Placeholders for a Father [Found During His Mother’s Funeral]
How else to explain those hands? How he sat in the front pew & held
his fingers like lattice, just a little too neat, something so sudden and secret
about that arrangement of arms and legs, about a body that had pulled my body
forth from nothing, or maybe—assuming there is a god and religion
really does mean return—from wherever it is god hides us before
we enter the here of this place. He was noticeable in his stillness: imagine
the father’s arm lifted, the space of his hand a cradle supporting
our cordless phone—as it does every December when he calls
to tell me Rudolph is on PBS. Where do we say we are from
once our parents have died? I save their voicemails. Almost
out of storage, I delete photos and apps so I can keep saving
their sound waves—year after year on record, all the echo aging makes
stored on some unseen bit of plastic machinery like a personal
cyber-audio scrapbook. My father has always loved history books.
Sitting with him at the kitchen table after dinner, I learned
how to draw the letters that made my name—Historians—he said—
are the memory of the world. He pressed my fingers to the pencil,
made his hand a cast so mine would have a mold in which to fit—
told me—They are responsible for writing it all down. Before the service
we walked up to the body single file. We covered her hands
and kissed her forehead, but we moved no part of her—this woman—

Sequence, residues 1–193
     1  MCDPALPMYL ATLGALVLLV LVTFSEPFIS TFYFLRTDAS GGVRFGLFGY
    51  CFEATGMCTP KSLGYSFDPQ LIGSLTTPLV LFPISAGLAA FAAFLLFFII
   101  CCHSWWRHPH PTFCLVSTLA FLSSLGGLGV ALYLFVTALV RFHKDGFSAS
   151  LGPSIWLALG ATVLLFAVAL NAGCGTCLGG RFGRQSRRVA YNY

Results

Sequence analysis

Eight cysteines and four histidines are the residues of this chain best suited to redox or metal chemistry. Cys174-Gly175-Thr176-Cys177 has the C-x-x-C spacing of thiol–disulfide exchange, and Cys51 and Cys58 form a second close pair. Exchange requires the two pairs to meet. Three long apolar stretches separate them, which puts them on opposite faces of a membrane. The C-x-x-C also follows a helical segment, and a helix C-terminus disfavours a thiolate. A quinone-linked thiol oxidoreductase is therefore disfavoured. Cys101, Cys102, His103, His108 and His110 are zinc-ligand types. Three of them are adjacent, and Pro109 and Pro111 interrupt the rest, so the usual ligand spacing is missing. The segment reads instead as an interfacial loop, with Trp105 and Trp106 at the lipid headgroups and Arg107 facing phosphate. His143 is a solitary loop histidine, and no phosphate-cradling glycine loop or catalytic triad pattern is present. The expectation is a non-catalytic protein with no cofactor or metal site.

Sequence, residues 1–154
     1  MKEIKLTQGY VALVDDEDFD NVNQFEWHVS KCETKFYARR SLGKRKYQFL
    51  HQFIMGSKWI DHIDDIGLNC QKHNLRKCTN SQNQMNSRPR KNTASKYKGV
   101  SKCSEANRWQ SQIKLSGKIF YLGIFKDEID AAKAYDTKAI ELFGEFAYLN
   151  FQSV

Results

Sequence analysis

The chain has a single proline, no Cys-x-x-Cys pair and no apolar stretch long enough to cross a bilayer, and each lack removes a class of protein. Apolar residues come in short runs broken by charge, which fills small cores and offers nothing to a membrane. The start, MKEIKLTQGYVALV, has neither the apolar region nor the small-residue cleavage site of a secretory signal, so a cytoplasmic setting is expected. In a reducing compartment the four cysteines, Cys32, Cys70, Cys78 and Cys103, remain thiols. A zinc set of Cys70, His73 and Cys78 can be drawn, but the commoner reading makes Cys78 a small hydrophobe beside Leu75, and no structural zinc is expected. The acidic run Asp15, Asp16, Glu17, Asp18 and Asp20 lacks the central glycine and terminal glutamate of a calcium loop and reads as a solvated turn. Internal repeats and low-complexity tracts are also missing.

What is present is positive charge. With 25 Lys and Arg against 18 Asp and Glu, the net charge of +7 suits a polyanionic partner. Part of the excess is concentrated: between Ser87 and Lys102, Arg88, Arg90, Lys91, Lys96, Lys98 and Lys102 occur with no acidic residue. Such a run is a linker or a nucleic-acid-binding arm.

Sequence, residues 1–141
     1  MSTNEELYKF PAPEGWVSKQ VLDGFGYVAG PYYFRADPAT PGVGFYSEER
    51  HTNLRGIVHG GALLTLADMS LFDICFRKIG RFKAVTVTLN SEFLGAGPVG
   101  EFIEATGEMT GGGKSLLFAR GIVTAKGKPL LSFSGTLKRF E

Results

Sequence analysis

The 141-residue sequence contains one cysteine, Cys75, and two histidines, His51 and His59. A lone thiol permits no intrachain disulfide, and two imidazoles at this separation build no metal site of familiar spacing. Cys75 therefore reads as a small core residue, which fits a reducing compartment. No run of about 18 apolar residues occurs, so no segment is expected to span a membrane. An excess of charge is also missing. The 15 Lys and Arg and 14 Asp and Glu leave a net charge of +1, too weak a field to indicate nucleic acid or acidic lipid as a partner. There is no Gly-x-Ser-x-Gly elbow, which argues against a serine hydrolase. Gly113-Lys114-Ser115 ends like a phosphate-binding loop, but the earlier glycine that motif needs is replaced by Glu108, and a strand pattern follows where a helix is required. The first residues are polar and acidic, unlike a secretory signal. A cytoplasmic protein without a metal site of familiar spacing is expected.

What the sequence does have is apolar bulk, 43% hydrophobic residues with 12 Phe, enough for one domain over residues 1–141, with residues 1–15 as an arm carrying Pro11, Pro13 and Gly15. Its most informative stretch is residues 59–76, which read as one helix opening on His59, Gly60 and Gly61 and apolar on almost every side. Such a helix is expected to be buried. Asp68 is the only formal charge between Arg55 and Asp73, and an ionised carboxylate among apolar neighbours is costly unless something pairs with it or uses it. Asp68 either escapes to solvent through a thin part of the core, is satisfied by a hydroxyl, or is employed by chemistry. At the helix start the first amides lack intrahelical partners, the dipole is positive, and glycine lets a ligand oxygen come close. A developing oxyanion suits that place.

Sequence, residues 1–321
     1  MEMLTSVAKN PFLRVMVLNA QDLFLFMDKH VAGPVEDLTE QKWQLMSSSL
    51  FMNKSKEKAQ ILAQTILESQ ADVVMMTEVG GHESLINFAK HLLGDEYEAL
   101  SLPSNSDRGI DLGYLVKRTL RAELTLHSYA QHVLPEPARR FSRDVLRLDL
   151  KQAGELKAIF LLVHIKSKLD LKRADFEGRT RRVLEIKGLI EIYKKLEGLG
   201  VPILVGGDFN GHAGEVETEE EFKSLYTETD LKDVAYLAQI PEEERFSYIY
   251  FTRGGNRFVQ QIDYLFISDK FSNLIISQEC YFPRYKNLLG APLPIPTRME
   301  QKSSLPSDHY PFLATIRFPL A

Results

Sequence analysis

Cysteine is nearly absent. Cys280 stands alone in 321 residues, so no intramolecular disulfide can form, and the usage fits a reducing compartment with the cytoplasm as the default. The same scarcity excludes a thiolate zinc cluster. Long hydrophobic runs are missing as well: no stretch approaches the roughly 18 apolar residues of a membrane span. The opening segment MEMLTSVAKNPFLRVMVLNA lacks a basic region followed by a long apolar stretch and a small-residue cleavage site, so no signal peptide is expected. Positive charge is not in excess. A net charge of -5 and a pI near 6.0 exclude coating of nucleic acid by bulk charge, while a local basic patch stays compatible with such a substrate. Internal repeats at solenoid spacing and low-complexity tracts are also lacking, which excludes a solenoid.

the loss of whom I would never really feel. For a long time I could
have said—No one I’ve known has died, but then I watched as two boys
I’d grown up with became fatherless—both dads dead by the time
we took the SATs, both having gotten the cancer, and both having lived
a few months longer than expected. After, I used to stare at their profiles
in Biology, wait for echoes, shades. Then we grew up and went to school,
and Eli became a doctor while Paul went crazy—lost his mind in that way
where you don’t come back. These days, if I think of the human body as a house,
it is almost possible to understand how no one might be home, how everything
has to be held in place by something outside of itself. Other things happened
the year my brother and I drove into a tree (hydroplane—the sound begat
by water & tire). For months before she went to sleep and woke up
without breasts, my mother drove herself to the hospital and laid
shirtless on a metal table under an invisible curtain of radiation.
I don’t know how many times or for how long. They were trying
to kill that part of her that didn’t know it was killing itself. My father
was never there. When I was older, she showed me the skin where doctors
had marked these inside parts—left behind a series of small, black targets.
How to admit it? That the human body can be our greatest humiliation—
and knowing this, how, then, are we to allow someone else an entrance?
When I imagine being a parent, I think of skin grafts—my mother
ordering a surgeon to take from her whatever my legs needed. I think
of my father carrying me up the stairs when I was too sleepy to walk
and I know that I do not understand what grief or sadness feels like.
Samantha Deal is a poet and essayist whose work has appeared in Quarterly West, Hunger Mountain, Word Riot, The Journal, The Boiler, Sonora Review, Tupelo Quarterly, Rattle, Ninth Letter Online, Mississippi Review, and other publications. She is the recipient of the 2016 Writers at Work creative nonfiction fellowship, and her first manuscript has been a finalist for the Cider Press Review Editors’ Prize for Poetry, the Zone 3 First Book Award, the 2015 Saturnalia Books Poetry Prize, and the OSU Press/The Journal Wheeler Prize, among others. Samantha received her MFA from the University of North Carolina at Wilmington and is a PhD candidate at Western Michigan University, where she teaches creative writing and serves as an editor for Third Coast. You can find out more, here: samanthaldeal.com.